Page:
Vet Comp Orthop Traumatol 2013; 26(03): 218-225
DOI: 10.3415/VCOT-12-06-0074
Original Research
Schattauer GmbH

Radiographic changes of the pelvis in Labrador and Golden Retrievers after juvenile pubic symphysiodesis

Objective and subjective evaluation
S. Boiocchi
1  Clinica Veterinaria Vezzoni srl, Cremona, Italy
,
L. Vezzoni
1  Clinica Veterinaria Vezzoni srl, Cremona, Italy
,
A. Vezzoni
1  Clinica Veterinaria Vezzoni srl, Cremona, Italy
,
V. Bronzo
2  University of Milan, Department of Health, Animal Science and Food Safety, Milan, Italy
,
F. Rossi
3  Clinica Veterinaria dell'Orologio, Sasso Marconi (Bologna), Italy
› Author Affiliations
Further Information

Publication History

Received 10 June 2012

Accepted 28 March 2012

Publication Date:
19 December 2017 (online)

Summary

Objectives: The hypothesis of this study was that juvenile pubic symphysiodesis (JPS) results in pelvic changes that can be identified radiographically in adult dogs.

Methods: The medical records at the Clinica Veterinaria Vezzoni were searched for standard ventro-dorsal views of the pelvis of adult Labrador and Golden Retrievers that had undergone JPS or had not undergone surgery. The objective assessment of radiographs included the analysis of various pelvic measurements. Subjective evaluation of radiographs was undertaken by 18 specialists and 21 general practitioners and was based on five criteria relating to 1) the acetabular fossae, 2) the pubic symphysis, 3) the margin of the cranial pubic area, 4) the pubic rami, and 5) the obturator foramen.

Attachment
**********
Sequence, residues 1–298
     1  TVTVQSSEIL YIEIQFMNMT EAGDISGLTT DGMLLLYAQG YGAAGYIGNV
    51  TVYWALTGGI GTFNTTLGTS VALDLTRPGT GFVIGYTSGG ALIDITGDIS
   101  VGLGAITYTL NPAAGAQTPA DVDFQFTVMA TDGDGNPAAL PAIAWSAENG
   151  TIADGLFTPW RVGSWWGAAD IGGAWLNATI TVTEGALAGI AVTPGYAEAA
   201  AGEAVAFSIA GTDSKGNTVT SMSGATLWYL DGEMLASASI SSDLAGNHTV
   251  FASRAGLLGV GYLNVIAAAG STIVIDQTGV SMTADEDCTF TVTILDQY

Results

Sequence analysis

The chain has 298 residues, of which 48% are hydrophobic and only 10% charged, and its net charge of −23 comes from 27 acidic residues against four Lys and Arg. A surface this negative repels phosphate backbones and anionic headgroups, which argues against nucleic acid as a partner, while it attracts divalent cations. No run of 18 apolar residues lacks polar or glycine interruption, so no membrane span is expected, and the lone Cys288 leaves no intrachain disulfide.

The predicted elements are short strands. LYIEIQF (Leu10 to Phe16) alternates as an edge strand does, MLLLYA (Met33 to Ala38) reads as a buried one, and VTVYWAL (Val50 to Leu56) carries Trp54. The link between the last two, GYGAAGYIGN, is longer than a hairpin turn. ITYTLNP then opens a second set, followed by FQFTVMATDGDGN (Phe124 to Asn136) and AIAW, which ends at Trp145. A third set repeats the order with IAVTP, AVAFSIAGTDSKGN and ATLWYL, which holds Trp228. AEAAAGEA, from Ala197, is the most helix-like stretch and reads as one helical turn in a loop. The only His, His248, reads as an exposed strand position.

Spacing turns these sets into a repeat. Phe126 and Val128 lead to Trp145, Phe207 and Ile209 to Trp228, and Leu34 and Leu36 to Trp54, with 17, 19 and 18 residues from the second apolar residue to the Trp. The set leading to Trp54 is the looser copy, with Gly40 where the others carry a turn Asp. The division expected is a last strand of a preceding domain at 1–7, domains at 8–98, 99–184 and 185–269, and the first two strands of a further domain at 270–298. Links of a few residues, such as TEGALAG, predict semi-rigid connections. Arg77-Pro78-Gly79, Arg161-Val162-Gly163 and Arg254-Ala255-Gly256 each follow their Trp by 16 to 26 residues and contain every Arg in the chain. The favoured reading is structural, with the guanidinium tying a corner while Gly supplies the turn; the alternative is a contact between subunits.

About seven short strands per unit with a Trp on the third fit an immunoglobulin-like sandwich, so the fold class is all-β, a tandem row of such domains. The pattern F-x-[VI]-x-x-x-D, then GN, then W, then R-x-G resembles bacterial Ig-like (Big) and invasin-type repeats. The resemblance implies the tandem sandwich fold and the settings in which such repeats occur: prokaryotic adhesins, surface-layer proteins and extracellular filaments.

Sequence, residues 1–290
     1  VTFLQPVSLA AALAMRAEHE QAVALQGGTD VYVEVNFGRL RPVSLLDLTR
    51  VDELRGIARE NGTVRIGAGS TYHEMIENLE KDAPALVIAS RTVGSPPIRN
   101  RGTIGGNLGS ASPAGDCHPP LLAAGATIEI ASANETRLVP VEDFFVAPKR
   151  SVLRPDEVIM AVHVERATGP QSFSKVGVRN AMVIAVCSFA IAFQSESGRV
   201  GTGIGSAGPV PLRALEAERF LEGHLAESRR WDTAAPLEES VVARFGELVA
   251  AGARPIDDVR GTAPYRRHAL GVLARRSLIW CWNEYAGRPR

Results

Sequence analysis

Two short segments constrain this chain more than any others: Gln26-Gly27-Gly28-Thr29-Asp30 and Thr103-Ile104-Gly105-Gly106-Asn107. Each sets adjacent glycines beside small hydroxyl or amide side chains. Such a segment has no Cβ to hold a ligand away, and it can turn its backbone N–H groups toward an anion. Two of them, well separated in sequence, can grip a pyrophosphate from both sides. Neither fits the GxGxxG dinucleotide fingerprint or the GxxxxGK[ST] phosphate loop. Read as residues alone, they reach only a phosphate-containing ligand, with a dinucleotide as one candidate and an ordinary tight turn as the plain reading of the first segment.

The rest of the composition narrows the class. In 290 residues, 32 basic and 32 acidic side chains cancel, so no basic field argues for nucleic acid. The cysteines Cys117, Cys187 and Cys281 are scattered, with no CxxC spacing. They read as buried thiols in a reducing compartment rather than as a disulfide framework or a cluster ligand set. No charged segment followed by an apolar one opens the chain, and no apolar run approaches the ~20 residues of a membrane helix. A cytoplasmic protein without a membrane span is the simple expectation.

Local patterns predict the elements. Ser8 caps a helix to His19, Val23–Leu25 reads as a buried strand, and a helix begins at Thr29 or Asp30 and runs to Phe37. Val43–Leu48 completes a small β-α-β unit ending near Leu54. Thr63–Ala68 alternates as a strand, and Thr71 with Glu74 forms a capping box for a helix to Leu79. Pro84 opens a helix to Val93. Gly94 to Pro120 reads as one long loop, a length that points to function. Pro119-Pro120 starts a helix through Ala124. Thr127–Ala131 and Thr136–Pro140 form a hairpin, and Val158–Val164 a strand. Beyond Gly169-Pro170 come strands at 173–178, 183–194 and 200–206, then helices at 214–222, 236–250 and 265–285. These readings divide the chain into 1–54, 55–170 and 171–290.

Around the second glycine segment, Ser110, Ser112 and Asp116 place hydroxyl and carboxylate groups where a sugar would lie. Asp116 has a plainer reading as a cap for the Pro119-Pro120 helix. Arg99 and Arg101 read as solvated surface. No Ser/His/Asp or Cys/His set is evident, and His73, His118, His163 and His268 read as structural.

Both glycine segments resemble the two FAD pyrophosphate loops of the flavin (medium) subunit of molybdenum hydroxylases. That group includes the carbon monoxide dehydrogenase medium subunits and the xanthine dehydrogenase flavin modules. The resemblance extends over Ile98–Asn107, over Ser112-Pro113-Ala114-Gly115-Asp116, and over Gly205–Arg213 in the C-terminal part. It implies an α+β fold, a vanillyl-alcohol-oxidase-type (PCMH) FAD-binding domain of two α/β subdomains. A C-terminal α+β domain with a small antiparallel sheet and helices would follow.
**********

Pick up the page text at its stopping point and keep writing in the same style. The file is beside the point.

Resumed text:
Results: The radiographs of 42 Labrador Retrievers and 16 Golden Retrievers were evaluated. The most useful criteria were the radiographic measurement of the shape of the obturator foramen and two different ratios of length to width of the pubic rami; these values were significantly smaller in dogs after JPS. The pelvic canal width was the same in both groups. All objective measurements were repeatable within and between evaluators. The most reliable subjective criterion was number 4, followed by number 5 in Golden Retrievers and by 2 in Labrador Retrievers.

Conclusion: Our objective and subjective evaluations were simple and yielded useful and repeatable results. There was no significant difference between general practitioners and specialists with regard to subjective evaluation, which indicates that these evaluation criteria can be used by small animal clinicians after minimal training.